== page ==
To Supriya Ambwani, MLA I 2022 Student at the Harvard University Graduate School of Design:
“A more equitable, socially environmentally just planet.”
To Kimberly, BLA 2018 Student at Cornell:
“A chance for our profession to expand its horizons in terms of scope. Landscape architecture can be central and instrumental in the GND. All future infrastructure can be designed with climate change and adaptation in mind. Our profession designs infrastructure and therefore should be at the forefront of the movement.”
To Hannah Chako, MLA I 2020 Student at the Harvard University Graduate School of Design:
“Reforming public land management to emphasize building healthy landscapes that sequester carbon, improve soils and water quality, provide wildlife habitat. (and de-emphasize fossil fuel development and other extractive practices.) Landscape architects have a role in this effort. Altered landscapes are good.”
To Jeb Polstein, MLA I/MUP 2023 Student at the Harvard University Graduate School of Design:
“On one level, it would mean lots of spaces and lots of funding for design projects to reform the built environment, from landscape-scale reforestation to community-owned power grids.
More abstractly the Green New Deal gives landscape architects a chance to make good on out disciplinary promise of creating a better future. We can design both micro utopias that blossom in the cracks of our current system and larger frameworks that link projects.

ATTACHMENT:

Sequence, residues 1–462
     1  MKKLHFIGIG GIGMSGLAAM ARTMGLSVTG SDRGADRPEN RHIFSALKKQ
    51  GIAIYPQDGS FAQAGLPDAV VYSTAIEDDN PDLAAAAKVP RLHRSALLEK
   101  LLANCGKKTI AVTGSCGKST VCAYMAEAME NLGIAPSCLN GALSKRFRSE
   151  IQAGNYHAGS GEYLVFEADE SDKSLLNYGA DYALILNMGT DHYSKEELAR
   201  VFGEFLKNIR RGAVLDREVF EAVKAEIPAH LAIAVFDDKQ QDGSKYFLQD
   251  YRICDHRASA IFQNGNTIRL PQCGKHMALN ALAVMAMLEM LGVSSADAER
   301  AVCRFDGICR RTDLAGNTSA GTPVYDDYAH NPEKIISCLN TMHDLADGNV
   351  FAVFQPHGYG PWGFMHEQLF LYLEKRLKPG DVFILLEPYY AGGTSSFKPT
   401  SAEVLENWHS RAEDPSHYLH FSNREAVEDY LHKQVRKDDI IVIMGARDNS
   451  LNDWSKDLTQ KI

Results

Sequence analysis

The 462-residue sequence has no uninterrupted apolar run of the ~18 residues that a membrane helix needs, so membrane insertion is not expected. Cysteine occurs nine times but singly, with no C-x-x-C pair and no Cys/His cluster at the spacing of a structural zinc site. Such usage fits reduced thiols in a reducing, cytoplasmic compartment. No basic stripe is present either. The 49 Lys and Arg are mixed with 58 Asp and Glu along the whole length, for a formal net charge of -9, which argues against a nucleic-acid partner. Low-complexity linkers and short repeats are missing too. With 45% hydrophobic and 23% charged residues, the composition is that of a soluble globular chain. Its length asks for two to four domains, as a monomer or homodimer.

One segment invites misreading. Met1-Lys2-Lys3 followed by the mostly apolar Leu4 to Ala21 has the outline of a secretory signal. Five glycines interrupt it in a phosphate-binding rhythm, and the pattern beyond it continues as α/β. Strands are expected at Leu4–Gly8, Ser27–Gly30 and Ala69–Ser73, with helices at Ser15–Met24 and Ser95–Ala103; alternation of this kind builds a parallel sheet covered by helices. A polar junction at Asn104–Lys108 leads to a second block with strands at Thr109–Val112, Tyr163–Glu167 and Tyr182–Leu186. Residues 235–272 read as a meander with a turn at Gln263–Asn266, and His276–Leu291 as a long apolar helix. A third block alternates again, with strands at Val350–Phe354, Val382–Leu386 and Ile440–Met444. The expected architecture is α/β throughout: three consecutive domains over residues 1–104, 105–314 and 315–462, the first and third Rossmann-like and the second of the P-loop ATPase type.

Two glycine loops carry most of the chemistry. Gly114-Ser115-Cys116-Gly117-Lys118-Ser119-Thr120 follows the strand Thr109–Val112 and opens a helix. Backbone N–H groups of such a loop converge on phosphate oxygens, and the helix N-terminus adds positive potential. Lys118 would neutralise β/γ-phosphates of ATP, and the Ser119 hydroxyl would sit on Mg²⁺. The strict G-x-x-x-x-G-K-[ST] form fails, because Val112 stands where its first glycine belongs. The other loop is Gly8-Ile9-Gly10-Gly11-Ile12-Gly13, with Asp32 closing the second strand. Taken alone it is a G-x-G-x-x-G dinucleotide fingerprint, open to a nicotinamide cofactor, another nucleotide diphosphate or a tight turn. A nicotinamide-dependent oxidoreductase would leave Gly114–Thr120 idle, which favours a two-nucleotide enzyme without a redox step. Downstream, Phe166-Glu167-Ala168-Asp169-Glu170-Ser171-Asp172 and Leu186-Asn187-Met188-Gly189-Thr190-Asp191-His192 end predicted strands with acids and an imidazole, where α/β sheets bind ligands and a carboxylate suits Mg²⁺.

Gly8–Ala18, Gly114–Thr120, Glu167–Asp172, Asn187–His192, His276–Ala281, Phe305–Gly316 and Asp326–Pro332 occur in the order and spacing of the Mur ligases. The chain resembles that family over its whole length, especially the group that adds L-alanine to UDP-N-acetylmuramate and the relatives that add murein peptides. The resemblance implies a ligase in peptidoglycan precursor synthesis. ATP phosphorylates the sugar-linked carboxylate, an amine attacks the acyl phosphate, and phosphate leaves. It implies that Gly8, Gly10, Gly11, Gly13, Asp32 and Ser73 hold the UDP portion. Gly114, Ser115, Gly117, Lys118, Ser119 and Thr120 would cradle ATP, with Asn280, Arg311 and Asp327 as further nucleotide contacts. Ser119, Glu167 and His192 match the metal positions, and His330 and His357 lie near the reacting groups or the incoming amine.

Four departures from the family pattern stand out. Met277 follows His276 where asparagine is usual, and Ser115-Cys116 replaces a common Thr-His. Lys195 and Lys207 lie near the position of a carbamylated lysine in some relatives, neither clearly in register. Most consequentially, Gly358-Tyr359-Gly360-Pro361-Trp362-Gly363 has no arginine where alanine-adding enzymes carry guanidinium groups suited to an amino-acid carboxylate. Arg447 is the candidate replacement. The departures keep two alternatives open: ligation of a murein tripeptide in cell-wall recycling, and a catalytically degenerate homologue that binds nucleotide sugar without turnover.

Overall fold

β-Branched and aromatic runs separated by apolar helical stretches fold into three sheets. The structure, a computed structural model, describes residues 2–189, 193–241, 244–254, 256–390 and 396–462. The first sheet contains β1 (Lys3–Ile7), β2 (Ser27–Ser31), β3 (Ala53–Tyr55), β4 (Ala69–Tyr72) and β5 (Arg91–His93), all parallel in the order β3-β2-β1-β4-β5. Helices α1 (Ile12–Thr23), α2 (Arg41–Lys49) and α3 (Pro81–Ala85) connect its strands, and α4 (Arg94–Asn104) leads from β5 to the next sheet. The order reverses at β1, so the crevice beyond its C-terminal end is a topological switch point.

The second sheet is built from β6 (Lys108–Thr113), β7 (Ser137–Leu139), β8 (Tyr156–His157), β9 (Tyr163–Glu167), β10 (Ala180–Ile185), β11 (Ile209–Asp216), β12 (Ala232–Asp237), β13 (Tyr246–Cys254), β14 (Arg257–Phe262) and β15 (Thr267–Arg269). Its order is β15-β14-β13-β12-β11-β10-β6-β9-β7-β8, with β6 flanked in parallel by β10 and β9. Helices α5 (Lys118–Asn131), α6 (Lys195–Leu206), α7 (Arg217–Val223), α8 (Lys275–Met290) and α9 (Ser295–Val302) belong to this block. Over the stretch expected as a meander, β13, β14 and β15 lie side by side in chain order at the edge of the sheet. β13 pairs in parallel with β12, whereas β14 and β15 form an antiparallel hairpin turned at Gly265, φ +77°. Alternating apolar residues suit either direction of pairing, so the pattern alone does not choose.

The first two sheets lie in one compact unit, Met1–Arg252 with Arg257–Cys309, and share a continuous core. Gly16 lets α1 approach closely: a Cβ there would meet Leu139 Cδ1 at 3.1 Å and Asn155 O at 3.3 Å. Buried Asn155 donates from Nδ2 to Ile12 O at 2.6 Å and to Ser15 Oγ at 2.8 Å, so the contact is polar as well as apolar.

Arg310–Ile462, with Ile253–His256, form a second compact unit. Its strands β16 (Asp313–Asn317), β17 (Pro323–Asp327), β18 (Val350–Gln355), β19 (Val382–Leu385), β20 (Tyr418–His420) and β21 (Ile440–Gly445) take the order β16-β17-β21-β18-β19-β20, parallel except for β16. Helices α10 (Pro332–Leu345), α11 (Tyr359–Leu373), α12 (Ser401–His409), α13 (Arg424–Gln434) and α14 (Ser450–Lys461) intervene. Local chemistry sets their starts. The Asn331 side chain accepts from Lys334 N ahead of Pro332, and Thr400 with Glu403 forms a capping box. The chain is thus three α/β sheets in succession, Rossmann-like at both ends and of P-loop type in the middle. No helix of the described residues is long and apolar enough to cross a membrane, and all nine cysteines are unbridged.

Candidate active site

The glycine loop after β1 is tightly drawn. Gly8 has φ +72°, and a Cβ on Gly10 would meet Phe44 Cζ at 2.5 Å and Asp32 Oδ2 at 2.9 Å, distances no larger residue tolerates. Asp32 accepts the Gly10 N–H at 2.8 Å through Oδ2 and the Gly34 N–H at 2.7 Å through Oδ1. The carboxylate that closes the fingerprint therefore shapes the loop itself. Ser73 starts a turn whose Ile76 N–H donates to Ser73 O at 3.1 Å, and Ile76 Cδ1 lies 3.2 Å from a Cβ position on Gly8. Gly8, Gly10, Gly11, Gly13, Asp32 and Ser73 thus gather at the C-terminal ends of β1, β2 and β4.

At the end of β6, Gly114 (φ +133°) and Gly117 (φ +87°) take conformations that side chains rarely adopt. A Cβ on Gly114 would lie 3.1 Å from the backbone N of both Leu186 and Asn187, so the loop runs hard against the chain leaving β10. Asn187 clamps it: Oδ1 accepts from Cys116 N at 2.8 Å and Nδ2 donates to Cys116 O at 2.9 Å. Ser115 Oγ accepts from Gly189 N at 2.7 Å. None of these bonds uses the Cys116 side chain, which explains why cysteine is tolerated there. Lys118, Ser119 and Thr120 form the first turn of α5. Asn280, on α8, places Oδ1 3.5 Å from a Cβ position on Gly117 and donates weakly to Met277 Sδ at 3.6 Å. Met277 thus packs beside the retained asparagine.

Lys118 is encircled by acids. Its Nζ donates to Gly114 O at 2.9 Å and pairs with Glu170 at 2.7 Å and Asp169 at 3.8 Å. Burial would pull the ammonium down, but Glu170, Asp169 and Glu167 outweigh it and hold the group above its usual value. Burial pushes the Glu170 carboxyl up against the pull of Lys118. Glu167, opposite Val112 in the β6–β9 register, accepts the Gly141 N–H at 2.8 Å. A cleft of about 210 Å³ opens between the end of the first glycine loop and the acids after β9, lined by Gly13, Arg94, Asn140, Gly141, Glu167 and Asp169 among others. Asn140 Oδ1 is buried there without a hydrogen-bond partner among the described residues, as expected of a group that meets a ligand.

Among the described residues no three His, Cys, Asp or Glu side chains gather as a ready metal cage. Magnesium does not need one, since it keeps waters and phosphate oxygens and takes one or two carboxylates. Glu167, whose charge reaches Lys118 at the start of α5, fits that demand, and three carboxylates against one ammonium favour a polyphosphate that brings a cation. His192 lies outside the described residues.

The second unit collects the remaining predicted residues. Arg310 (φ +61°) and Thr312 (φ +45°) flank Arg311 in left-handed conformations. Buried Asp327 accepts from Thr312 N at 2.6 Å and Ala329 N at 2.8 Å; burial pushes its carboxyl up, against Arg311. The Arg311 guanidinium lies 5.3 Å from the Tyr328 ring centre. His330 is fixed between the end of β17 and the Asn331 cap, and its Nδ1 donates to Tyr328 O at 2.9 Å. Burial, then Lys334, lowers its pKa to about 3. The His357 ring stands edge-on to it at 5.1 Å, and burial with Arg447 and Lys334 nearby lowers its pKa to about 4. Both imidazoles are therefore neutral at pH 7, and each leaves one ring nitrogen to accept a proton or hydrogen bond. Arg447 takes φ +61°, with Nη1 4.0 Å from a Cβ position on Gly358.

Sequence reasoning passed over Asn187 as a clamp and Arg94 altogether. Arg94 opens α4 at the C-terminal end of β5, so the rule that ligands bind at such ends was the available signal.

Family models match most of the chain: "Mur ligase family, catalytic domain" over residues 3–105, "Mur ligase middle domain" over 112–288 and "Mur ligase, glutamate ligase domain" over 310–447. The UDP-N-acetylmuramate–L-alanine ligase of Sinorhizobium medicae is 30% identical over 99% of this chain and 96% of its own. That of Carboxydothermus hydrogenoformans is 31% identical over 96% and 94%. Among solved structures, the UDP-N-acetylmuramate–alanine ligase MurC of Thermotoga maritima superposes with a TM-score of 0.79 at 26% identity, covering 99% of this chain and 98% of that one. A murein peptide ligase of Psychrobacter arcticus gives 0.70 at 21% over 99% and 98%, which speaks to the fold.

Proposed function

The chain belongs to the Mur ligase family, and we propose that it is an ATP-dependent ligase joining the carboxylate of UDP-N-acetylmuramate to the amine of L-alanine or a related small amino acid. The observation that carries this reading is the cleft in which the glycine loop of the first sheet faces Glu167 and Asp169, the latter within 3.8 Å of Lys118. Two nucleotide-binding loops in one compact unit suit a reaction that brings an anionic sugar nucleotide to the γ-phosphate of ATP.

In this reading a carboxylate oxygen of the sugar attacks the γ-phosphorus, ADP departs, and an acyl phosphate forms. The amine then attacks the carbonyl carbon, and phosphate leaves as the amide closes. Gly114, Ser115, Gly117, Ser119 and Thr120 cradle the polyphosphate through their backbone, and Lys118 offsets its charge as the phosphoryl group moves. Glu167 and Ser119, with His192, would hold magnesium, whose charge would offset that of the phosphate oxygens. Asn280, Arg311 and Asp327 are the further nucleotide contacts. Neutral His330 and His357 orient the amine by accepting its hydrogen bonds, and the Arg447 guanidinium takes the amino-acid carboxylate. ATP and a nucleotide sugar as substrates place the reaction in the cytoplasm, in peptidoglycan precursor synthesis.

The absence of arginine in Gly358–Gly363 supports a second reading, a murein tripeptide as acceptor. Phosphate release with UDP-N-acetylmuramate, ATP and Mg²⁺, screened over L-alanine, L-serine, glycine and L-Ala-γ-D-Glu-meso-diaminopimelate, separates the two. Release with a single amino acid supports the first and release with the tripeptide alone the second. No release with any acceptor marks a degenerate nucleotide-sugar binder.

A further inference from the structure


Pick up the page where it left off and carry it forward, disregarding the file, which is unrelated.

Building out a Green New Deal should be a unifying mission of our generation-among designers, activists, and everyone.”
To Colin Chadderton, MLA I 2020 Student at the Harvard University Graduate School of Design:
“The Green New Deal means a future for landscape architect’s to take the lead in creating the future we need to maintain a livable planet. The Green New Deal will lead to greater investment in landscape projects from the federal government as well as private sectors.”
To Rosetta S. Elkin, Associate Professor of Landscape Architecture at the Harvard University Graduate School of Design:
“The Green New Deal will only highlight the failure of landscape Architecture to keep pace with the times. I applaud the students for challenging the norms of our profession, using the Green New Deal as a means to an end, ratcheting up a debate that must underscore their education. Lengthy licensure and prestige professionalism are undercutting our chances of being landscape activists and landscape leaders. If ASLA does not lead, then they will be hard pressed to survive.